Nov 18, 2008 Read More

From globe to plate, New Yorker issue covers the world of food

Food is more important in our lives today. So many threats to our way of life make reliable supplies of the right foods a high priority to sustain the nation. Yet commodity price volatility unnerved the world this year and showed the fragility of supplies. And more food safety scares from China prompted new FDA restrictions against imports until the foods are tested in the U.S. While many magazines revel in the enjoyment and entertainment aspects of food, the New Yorker food issue takes on the more profound issue of supply, some of food’s deeper ties to international cultures, and several examples of business innovation. The issue underscores how food transcends the light, pop coverage that’s served up so often and deserves a more serious tone sometimes—at the very least to remind us to stop taking our nation’s food fortunes for granted. In The Perils of Efficiency, a New Yorker article by James Surowiecki that spun from commodity price surges this spring, he posed, “So did the global financial crisis solve the global food crisis?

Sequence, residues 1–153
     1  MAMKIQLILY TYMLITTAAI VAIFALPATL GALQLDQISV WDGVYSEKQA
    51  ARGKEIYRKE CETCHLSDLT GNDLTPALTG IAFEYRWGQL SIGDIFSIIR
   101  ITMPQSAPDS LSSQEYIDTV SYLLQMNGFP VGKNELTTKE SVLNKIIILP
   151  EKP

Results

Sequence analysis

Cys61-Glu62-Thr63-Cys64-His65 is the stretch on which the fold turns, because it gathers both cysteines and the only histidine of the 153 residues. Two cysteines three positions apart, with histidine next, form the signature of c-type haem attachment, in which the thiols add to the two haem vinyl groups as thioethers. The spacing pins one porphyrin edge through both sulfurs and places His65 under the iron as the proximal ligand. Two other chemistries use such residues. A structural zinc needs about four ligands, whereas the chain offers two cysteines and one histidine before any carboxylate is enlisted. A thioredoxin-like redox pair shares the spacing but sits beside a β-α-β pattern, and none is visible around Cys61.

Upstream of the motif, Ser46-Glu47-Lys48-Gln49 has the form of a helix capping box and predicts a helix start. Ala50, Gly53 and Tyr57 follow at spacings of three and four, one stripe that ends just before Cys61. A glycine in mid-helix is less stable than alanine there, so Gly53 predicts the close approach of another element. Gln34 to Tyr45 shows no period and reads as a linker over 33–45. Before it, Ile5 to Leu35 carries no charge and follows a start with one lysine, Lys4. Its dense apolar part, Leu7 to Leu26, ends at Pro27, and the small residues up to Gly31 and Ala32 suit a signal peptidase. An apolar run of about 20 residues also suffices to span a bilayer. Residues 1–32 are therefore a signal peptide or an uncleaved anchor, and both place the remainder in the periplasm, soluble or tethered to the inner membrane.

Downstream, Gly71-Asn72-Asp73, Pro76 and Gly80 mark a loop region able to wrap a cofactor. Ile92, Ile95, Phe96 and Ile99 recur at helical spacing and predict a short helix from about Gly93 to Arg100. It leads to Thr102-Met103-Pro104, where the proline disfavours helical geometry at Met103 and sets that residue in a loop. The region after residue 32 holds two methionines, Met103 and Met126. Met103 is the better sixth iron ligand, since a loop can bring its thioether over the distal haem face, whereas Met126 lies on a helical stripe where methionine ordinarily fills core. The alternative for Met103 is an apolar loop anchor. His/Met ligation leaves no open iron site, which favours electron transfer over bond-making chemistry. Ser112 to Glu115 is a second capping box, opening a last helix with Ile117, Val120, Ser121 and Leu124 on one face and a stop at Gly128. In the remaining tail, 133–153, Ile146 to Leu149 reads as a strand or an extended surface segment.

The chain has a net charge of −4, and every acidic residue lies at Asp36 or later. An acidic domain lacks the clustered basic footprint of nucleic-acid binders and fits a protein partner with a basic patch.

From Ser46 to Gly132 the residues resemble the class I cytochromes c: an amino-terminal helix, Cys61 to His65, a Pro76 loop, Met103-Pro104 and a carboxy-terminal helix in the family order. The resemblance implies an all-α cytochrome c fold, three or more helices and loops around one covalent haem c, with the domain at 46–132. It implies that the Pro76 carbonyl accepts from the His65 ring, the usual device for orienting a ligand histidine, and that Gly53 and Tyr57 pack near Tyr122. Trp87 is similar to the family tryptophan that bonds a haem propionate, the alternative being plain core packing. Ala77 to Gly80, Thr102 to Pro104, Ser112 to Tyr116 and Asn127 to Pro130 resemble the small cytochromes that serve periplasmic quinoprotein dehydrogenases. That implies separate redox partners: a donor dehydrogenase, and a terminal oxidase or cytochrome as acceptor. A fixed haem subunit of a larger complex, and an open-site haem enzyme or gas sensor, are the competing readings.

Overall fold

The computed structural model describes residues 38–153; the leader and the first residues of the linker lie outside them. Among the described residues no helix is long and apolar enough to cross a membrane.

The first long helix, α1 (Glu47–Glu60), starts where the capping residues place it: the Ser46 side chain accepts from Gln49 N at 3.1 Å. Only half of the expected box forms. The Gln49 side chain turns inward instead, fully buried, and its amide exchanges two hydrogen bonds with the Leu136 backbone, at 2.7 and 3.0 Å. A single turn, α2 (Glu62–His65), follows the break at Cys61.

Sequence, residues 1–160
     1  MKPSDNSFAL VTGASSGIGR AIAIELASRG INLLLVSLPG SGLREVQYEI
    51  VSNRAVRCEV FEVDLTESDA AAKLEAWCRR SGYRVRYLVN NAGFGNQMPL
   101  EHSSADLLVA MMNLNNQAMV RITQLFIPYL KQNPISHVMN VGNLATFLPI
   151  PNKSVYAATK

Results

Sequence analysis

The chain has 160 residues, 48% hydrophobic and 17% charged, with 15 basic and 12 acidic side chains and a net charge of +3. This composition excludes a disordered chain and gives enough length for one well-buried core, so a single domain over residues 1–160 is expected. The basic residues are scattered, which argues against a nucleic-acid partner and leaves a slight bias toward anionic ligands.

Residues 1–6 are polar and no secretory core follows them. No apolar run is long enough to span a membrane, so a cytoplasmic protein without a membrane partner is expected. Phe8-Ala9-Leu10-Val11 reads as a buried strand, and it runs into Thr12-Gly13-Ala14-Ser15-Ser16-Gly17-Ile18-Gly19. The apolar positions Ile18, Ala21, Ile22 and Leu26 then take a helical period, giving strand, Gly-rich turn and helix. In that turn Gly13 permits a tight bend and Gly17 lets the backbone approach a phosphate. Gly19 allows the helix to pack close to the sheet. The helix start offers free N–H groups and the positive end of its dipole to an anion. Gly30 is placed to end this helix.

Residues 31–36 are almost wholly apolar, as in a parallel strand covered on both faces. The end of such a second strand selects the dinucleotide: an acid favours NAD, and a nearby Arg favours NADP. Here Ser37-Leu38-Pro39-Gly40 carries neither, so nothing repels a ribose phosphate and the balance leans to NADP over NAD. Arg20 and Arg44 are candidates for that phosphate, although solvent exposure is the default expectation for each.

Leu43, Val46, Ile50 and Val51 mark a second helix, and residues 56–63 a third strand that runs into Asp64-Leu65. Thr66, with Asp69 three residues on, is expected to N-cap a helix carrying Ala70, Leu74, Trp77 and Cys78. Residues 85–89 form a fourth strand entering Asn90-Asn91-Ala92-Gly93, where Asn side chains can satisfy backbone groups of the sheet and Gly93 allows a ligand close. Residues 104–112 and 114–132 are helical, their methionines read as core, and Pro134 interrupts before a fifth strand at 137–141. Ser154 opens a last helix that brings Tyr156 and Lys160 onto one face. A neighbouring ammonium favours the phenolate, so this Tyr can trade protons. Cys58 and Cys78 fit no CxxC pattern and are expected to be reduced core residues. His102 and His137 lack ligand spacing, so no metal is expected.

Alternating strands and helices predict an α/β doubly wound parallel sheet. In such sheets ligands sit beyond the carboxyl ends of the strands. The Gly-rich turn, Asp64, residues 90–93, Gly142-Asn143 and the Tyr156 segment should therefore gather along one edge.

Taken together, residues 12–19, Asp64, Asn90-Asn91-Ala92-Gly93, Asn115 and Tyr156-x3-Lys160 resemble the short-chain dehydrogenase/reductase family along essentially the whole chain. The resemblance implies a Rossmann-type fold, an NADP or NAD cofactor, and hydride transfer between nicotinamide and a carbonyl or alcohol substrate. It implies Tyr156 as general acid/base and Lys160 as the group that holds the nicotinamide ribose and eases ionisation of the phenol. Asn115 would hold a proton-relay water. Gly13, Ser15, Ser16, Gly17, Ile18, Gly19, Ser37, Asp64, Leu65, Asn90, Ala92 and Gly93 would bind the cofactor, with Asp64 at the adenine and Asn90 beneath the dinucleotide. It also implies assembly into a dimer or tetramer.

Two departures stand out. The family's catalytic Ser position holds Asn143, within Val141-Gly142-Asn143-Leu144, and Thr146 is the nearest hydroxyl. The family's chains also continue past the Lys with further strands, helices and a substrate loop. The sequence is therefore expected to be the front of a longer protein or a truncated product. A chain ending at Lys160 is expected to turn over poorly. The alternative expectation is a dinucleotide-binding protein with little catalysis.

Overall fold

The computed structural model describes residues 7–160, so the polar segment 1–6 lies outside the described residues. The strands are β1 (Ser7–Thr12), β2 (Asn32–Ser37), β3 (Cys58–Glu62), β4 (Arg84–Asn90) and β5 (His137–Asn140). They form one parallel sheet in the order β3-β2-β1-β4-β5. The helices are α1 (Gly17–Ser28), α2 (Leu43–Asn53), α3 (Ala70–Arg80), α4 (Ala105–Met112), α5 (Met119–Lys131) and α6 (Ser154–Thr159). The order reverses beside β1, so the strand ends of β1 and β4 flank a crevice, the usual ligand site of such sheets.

Nov 18, 2008 Read More

Muslims a prime market for Kosher foods

“You don’t have to be Jewish to love Levy’s” was an iconic ad campaign for a Brooklyn-based brand of rye bread with a strong local following that reveled in the ethnicity of early-1960’s New York. This same sentiment would serve Kosher food manufacturers well today—nearly half a century later—especially to appeal to the estimated 10 million Muslims with $170 billion in purchasing power who now live in the United States. Indeed, they outnumber Jews in this nation (about 7 million), and there are similarities between their Halal dietary practices and kosher regimens: Animals are slaughtered painlessly, and pork and blood are restricted. Mintel said that Muslims already comprise 16% of the U.S. market for kosher food, which it pegged at $14.6 billion in 2005 and called one of the fastest-growing segments in the retail food business. Why the following? There are 90,000 kosher-certified products compared with 1,000 halal items distributed in the U.S., according to Kosher Today, the organizers of Kosherfest. “The second-largest consumer group for kosher foods is Muslims. In the absence of widespread halal certification, they have come to rely on kosher certification,” said Steve Sichel, director of development for Star-K Kosher Certification.

Nov 17, 2008 Read More